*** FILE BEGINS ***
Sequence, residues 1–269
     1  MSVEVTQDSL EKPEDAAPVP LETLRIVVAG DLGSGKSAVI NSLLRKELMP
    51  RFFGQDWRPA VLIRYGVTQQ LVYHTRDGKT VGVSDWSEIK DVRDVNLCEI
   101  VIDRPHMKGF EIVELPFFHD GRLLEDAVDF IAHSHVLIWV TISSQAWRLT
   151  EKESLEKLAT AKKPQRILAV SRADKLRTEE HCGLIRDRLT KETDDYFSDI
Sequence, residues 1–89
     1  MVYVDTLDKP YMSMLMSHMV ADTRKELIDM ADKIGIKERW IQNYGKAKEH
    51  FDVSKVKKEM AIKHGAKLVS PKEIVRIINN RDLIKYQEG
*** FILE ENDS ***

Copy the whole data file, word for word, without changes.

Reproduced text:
Sequence, residues 1–269
     1  MSVEVTQDSL EKPEDAAPVP LETLRIVVAG DLGSGKSAVI NSLLRKELMP
    51  RFFGQDWRPA VLIRYGVTQQ LVYHTRDGKT VGVSDWSEIK DVRDVNLCEI
   101  VIDRPHMKGF EIVELPFFHD GRLLEDAVDF IAHSHVLIWV TISSQAWRLT
   151  EKESLEKLAT AKKPQRILAV SRADKLRTEE HCGLIRDRLT KETDDYFSDI
Sequence, residues 1–89
     1  MVYVDTLDKP YMSMLMSHMV ADTRKELIDM ADKIGIKERW IQNYGKAKEH
    51  FDVSKVKKEM AIKHGAKLVS PKEIVRIINN RDLIKYQEG